Reconciling dualistic controversies

Michael Croft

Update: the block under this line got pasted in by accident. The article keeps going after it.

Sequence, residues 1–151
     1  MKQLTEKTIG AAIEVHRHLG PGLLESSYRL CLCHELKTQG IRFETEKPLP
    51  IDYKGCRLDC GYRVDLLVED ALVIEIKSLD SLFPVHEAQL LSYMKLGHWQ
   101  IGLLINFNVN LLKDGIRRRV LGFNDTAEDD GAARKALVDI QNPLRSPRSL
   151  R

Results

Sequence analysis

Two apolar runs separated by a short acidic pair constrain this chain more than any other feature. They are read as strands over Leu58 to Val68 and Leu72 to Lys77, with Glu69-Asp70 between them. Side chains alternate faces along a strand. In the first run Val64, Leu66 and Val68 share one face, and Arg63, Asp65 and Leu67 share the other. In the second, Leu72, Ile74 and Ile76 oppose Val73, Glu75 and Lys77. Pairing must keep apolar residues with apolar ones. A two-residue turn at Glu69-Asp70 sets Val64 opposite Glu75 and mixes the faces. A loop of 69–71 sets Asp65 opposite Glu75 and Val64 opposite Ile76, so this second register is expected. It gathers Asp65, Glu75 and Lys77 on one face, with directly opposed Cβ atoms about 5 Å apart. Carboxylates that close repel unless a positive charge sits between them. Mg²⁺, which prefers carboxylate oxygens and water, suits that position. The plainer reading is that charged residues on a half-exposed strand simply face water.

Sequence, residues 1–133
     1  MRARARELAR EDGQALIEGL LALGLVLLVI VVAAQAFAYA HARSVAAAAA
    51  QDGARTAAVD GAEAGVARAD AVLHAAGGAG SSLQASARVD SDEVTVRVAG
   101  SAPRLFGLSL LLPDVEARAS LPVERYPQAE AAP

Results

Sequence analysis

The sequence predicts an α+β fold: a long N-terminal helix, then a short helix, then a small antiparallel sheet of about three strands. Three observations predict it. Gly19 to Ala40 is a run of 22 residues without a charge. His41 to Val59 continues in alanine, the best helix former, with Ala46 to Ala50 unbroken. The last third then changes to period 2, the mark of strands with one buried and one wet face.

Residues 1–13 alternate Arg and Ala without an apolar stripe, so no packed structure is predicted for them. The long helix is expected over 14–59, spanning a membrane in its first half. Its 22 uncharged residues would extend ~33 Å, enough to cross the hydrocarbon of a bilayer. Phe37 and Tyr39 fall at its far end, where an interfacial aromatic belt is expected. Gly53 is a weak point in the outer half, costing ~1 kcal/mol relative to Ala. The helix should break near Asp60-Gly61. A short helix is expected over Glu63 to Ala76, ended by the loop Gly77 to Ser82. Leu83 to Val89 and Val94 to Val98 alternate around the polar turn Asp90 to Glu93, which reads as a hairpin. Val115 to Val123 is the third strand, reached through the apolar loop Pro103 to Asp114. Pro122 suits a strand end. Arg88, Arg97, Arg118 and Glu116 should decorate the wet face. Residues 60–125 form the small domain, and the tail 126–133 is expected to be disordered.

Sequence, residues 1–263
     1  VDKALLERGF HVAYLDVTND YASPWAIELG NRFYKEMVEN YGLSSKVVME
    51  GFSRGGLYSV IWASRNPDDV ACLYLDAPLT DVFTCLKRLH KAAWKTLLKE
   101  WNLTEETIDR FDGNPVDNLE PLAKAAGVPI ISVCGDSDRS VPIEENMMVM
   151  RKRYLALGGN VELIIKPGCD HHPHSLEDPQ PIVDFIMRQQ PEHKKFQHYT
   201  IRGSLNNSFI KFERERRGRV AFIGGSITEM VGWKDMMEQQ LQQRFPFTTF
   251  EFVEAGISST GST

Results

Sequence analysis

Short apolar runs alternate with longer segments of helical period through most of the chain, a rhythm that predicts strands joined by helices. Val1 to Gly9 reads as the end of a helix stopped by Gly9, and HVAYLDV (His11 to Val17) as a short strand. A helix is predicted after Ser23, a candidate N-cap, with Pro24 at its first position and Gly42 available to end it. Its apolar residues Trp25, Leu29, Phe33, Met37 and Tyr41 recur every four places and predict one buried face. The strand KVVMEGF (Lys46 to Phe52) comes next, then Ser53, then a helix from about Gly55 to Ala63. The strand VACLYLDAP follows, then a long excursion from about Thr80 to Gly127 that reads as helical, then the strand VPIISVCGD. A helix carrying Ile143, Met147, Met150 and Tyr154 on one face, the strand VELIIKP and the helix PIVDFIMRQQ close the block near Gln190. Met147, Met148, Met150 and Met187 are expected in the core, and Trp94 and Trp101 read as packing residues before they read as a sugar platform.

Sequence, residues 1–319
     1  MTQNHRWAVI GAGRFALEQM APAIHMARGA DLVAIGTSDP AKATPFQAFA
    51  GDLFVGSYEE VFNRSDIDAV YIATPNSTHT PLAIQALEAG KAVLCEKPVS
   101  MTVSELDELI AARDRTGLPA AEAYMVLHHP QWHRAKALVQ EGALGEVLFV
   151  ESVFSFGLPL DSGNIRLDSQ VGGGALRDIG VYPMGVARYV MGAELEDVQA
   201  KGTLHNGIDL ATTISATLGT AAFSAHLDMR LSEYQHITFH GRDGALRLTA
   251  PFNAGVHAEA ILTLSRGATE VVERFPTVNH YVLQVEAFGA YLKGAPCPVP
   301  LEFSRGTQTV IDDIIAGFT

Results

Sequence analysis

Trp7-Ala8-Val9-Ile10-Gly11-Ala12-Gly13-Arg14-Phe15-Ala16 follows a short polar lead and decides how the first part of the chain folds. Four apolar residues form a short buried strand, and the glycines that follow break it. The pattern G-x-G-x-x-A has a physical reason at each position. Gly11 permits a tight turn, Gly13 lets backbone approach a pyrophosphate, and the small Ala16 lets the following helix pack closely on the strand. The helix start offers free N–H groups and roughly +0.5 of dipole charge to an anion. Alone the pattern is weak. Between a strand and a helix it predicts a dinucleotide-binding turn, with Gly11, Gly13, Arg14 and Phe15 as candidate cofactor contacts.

Through a consideration of photographic history and the AGNSW exhibition Photography & Place, Reconciling Dualistic Controversies examines the tensions that emerge from the intersection of modern and postmodern thought. Briefly tracing the early development of photography, early photographic and artistic discourses are examined. The article begins with an examination of how photography was initially used to augment traditional media in their pursuit of realism. It is then highlighted that, at its advent, photography was viewed contrary to notions of art, and thus the belief that it was not suited to artistic expression became deeply embedded in the popular consciousness. This is augmented by a discussion of Modern and Postmodern influences on the discourse, and the evolving treatment of photography throughout the 20th century. Subsequently, the photographer’s role in mediating reality is considered, with a focus on whether photography is an explicitly objective or subjective medium. This if followed by a reflection on the opposing views concerning the construction of meaning, with an emphasis on authorship. Ultimately, it is concluded that neither Modern nor Postmodern thought yields an all-embracing approach to photography, and thus we must attempt to reconcile the two modes of thought.

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